Most people associate Pyramids with Egypt, but those are far from being the only pyramids on earth. In fact, there’s quite a few of them around the globe, built during different times by various civilizations. What can we say, pyramids were really cool for a while. It’s almost like they were the most popular trend in ancient architecture. It’s still difficult to imagine and truly understand how the pyramids were built considering the technology available in ancient times and the size and weight of blocks that make them up. And a lot of the time pyramids were used as burial sights, which makes you wonder why would anyone put so much labour into a burial site. But nevertheless, a lot of those pyramids stood the test of time and remain until this day more or less intact thousands of years after they were built. Let’s take a look at 7 ancient pyramids around the world.
1. Khafre and Khufu Pyramids
These two surviving Pyramids of Giza were built from limestone 4500 years ago. They were built for kings Khufu and Khafre, as the name suggests, and are considered to be the most famous ancient monuments. Khufu, also known as the Great Pyramid, is the only surviving structure of the Seven Wonders of the Ancient World.
2. Bent Pyramid
This is an unusual pyramid. It has a very strange bent shape, which is where the name comes from of course. It was constructed sometime between 2613 and 3589 BC, during the reign of Pharaoh Sneferu. What gives this pyramid its unique shape is the transition in the wall structure from step-sides and smooth sides.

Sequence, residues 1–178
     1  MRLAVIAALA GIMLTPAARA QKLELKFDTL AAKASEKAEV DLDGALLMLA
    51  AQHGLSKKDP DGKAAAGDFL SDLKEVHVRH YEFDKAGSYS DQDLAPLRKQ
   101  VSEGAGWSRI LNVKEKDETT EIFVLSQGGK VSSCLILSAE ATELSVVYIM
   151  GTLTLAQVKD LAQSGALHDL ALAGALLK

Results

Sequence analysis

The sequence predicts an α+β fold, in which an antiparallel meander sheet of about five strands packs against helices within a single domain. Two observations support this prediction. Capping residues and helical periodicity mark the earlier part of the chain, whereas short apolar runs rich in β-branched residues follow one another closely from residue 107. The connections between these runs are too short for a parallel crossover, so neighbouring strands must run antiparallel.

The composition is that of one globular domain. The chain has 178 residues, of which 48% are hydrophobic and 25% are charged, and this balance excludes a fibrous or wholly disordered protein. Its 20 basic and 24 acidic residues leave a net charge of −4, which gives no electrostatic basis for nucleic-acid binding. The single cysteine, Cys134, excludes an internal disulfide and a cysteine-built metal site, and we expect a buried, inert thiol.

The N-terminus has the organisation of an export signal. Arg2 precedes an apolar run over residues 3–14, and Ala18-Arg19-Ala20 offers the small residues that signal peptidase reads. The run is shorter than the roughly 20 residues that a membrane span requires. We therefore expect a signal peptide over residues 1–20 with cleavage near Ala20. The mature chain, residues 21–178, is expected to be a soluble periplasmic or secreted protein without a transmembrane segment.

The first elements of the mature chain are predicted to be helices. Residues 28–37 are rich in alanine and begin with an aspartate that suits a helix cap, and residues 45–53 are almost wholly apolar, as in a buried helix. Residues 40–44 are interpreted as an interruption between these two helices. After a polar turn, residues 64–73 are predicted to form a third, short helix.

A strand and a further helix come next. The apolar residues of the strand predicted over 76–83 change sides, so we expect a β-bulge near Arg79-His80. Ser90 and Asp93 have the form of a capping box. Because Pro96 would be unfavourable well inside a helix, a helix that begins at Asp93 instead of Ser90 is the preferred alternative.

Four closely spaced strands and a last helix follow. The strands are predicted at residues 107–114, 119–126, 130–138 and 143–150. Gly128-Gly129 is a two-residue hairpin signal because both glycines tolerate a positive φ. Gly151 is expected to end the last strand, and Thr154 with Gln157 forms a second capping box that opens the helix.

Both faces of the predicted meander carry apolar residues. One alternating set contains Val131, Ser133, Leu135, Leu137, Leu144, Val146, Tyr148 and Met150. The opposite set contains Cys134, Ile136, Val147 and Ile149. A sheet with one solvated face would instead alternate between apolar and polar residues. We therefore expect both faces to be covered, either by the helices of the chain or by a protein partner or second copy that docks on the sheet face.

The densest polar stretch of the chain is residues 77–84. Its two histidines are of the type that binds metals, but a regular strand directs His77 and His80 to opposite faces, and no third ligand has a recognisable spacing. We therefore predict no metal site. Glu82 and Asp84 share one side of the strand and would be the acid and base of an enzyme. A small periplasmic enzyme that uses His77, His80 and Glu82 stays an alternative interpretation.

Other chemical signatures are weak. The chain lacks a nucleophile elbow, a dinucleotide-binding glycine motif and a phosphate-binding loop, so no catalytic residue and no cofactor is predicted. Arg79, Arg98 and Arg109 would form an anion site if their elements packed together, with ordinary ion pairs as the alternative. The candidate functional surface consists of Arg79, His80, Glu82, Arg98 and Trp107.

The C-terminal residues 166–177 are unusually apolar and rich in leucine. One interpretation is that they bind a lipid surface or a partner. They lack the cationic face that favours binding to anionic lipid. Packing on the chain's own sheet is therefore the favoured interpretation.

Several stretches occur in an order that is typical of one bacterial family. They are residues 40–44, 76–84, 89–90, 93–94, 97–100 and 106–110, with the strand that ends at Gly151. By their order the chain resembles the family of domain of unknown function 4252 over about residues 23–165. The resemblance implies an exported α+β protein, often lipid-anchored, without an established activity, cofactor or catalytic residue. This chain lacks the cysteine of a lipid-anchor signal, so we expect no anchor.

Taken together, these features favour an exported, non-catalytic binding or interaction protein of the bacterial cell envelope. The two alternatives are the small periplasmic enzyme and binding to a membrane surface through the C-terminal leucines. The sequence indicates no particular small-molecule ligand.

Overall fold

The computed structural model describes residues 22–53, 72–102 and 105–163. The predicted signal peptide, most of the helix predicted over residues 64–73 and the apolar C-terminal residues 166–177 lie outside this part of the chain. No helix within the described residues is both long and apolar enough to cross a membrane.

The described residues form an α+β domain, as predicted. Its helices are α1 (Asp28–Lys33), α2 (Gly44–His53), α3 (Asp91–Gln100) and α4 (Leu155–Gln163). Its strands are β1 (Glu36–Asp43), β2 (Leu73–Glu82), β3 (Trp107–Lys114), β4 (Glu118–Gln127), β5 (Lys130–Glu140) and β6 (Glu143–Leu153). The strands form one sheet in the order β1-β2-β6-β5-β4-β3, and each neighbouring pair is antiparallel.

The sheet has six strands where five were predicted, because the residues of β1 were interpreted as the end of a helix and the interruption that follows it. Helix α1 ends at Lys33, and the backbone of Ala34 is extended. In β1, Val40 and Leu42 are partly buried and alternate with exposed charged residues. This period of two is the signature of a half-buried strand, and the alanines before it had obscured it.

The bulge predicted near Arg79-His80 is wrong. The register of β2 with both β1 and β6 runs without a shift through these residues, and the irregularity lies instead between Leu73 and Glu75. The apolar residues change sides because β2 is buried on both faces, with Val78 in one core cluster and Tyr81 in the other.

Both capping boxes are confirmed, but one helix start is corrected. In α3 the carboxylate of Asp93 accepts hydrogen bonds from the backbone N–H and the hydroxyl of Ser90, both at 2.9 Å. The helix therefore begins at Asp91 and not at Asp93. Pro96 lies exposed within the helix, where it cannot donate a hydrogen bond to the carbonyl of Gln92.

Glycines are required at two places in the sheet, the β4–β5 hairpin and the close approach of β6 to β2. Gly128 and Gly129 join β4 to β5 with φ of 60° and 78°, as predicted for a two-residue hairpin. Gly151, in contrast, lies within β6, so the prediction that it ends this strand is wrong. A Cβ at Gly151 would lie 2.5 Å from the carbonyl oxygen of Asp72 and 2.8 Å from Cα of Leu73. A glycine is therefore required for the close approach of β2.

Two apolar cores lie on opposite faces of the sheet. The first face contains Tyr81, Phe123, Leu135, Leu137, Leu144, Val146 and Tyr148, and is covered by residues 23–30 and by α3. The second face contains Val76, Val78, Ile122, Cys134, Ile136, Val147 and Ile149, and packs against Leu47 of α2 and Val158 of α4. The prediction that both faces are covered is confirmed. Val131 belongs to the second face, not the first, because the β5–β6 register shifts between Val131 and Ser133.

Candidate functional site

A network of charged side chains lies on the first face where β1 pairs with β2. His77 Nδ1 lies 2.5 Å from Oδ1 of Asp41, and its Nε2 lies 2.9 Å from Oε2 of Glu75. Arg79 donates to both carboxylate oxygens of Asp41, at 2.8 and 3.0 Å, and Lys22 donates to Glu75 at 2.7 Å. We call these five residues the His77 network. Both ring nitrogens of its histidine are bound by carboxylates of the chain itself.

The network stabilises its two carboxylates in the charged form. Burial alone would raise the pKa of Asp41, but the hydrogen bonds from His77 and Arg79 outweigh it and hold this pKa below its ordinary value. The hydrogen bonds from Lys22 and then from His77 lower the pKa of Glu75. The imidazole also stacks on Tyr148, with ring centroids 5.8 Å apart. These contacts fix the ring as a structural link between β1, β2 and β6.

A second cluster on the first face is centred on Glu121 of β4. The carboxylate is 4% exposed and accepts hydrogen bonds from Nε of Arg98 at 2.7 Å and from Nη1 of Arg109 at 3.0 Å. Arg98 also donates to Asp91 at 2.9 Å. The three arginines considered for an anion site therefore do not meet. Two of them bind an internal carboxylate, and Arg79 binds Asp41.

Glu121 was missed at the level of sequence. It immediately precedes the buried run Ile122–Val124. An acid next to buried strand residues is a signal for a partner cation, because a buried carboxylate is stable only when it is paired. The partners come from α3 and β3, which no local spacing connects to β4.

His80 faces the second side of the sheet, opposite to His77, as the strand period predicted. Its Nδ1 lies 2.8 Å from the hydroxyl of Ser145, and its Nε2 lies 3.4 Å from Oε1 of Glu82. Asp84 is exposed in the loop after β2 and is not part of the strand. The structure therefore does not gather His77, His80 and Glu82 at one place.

3. Mayan Pyramids of Tikal
The Mayan city of Tikal was originally the home to a complex of 24 pyramids. They were built out of limestone around 732 AD. This is one of the largest sites of pre-Columbian civilization. Temple IV is the tallest pyramids in Tikal, but the Tikal Temple, a.k.a the Temple of the Jaguar is probably the most well known and most visited pyramid in Tikal.
4. Nubian Pyramids
There are over 200 Nubian pyramids in Sudan. They were built between 720 and 300 BC during the time when the Kingdom of Kush, which ruled Nubia for hundreds of years. They all mark the tombs of the rulers of the Kingdom of Kush. And even though they are recognized as the UNESCO World Heritage Site, they aren’t really a popular tourist destination and remain relatively unknown by the general public.
5. Pyramid of the Sun
Pyramid of the sun is the third-largest pyramid in the world. It’s definitely the largest building in Teotihuacan, a pre-Columbian Mesoamerican city only 30 miles outside of Mexico City. According to archaeologists and scientists, it was built and used as a religious and sacrificial center around the year 200.
6. The Step Pyramid of Djoser
The Step Pyramid of Djoser is the earliest colossal stone buildings in Egypt. It’s believed to be created by Imhotep, the famous Egyptian architect. It’s a burial site of Djoert, the ruler of Egypt’s Third Dynasty. It consists of 6 tiers or steps, which is why it’s called a step pyramid. It was built using 330,400 cubic meters of stone and clay and under the pyramid, the tunnels form a 5,5 km labyrinth.
7. Pyramid of Cestius
Pyramid of Cestius is one of the best-preserved ancient buildings in Rome. It’s a tomb of Gaius Cestius. The Pyramid of Cestius is Rome’s only surviving ancient Egyptian-style pyramid.